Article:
Boy Scouts Banned From Placing Flags On Veterans' Graves Due To Coronavirus


The Boy Scouts' annual tradition of placing American flags on the grave sites of veterans for Memorial Day is coming to an end this year because of the coronavirus pandemic. Last week, the National Cemetery Administration, which is part of the Department of Veteran Affairs, issued a statement saying that no public events will be held at national cemeteries during Memorial Day weekend.

While the cemeteries will remain open to visitors, large groups will not be allowed to walk through the graves to place the tiny American flags.

Officials in Long Island are asking the VA to reconsider their decision. Suffolk County Executive Steve Bellone wrote a letter to the agency, asking for permission to allow local authorities to determine a safe way for the Boy Scouts and other groups to honor those who served their country.

"I am requesting that the NCA amend its recent decision by allowing local cemeteries to make their own determination to conduct flag placement that is sanctioned by the local health department. Suffolk County will work with our local, national cemeteries to develop a plan that will be reviewed by the County Health Department to certify that it meets the current guidance from New York State and the federal government," Bellone wrote, according to Newsday.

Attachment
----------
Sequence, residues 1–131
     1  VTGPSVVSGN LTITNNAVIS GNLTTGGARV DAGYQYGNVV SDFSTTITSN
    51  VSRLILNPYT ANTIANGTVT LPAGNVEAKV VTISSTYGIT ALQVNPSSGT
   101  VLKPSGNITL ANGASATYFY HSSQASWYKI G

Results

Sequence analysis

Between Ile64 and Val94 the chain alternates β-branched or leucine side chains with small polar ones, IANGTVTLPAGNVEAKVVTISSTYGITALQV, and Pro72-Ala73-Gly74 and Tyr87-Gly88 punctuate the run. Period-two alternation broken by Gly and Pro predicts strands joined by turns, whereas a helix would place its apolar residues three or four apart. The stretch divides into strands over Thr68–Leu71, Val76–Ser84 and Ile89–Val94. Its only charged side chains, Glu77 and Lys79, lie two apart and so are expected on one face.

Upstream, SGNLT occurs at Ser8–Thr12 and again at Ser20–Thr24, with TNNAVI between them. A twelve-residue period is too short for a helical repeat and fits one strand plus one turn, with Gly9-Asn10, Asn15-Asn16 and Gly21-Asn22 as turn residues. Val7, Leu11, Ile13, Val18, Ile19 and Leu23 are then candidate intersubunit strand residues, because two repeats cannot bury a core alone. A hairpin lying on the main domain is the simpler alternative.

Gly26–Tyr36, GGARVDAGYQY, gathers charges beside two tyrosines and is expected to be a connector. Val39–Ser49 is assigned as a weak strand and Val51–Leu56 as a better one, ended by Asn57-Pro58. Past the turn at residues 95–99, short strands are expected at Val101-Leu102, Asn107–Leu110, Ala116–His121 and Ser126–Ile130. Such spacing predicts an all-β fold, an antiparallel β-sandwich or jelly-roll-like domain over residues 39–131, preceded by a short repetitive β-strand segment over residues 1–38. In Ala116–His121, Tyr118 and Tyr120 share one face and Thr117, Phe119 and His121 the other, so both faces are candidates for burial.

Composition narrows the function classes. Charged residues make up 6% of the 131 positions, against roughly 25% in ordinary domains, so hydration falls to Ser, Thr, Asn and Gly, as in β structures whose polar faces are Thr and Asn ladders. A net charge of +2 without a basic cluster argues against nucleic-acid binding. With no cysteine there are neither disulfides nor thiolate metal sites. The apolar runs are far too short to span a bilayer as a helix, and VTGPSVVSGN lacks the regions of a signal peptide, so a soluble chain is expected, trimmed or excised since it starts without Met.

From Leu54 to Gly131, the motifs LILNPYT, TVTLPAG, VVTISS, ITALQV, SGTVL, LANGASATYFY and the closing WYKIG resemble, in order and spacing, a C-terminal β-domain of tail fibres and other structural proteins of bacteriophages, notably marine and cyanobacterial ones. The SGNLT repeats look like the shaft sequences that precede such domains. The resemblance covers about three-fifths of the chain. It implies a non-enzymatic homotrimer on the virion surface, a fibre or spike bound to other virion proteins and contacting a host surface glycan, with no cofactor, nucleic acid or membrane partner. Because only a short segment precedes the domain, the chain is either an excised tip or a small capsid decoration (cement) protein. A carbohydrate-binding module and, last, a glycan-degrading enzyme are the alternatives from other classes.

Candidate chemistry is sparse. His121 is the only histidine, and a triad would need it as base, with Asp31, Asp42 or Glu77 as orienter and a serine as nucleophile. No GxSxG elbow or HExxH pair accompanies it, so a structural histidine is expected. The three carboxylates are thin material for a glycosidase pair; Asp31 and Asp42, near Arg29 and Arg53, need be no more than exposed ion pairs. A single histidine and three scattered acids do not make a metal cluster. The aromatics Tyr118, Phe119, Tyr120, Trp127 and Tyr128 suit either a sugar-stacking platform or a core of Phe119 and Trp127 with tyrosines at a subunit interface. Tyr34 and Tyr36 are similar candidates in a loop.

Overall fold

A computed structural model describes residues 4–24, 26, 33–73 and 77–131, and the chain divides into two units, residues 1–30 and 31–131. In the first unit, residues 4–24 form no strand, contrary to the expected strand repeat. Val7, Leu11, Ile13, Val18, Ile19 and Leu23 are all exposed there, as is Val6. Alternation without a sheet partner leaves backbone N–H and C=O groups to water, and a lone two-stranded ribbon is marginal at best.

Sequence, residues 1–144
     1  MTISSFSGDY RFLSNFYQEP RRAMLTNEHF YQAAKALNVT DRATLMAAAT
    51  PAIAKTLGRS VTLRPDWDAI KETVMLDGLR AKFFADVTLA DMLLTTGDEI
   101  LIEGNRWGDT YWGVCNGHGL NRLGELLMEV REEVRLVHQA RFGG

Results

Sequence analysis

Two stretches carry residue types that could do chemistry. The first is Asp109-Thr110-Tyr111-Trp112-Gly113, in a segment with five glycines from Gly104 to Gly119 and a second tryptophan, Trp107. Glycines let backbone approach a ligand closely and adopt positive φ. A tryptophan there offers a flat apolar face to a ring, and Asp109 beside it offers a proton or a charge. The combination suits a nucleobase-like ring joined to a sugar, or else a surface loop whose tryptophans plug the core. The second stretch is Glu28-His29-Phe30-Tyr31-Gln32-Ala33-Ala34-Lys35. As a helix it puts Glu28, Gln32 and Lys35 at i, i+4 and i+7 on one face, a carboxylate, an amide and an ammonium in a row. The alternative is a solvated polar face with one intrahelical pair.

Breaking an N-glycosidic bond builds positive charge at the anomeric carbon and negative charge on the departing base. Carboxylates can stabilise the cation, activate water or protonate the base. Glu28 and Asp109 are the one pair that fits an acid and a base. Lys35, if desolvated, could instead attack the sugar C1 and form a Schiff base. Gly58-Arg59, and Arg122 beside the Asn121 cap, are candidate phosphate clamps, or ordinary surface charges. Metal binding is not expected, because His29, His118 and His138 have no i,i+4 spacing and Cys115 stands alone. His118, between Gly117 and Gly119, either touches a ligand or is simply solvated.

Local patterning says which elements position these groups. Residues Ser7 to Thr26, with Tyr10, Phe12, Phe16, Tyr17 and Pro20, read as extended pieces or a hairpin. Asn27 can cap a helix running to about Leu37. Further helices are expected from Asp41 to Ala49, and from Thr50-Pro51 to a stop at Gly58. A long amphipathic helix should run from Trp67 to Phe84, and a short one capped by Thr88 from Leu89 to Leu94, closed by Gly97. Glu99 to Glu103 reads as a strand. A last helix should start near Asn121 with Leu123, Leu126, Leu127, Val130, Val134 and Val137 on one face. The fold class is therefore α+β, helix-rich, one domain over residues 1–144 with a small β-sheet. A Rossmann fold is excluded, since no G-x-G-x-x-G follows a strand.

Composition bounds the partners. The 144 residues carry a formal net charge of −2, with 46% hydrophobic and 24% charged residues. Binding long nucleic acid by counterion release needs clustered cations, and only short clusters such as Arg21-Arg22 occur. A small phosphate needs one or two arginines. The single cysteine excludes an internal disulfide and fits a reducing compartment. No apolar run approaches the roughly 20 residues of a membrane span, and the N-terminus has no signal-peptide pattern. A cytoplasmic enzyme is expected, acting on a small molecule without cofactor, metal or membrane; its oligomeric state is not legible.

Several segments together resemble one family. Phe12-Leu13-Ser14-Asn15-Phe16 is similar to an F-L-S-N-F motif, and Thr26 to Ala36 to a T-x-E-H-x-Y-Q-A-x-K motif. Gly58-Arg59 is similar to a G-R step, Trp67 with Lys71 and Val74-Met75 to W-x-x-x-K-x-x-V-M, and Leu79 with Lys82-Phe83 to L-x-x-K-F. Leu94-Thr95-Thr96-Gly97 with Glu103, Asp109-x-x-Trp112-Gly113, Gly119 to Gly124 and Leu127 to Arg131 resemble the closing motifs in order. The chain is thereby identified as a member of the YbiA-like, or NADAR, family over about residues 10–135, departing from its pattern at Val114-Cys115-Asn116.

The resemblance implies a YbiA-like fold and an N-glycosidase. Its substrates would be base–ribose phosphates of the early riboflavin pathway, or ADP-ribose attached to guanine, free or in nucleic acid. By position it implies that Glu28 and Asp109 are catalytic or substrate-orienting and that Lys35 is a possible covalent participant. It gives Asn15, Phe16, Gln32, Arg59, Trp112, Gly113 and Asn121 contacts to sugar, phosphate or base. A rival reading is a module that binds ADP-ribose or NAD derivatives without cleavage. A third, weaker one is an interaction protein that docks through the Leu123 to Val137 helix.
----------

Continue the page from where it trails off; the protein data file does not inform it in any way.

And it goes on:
Bellone told Fox News that he is confident that the flags can be placed on the graves while volunteers follow proper social distancing guidelines.

"If we can't figure out a way to make sure we are placing flags at their graves to honor them, then something is seriously wrong," he said. "We will take the responsibility to say that this flag placement plan meets the state and national guidelines but give us that opportunity to do it, allow us to honor our fallen heroes."

Photo: Getty Images

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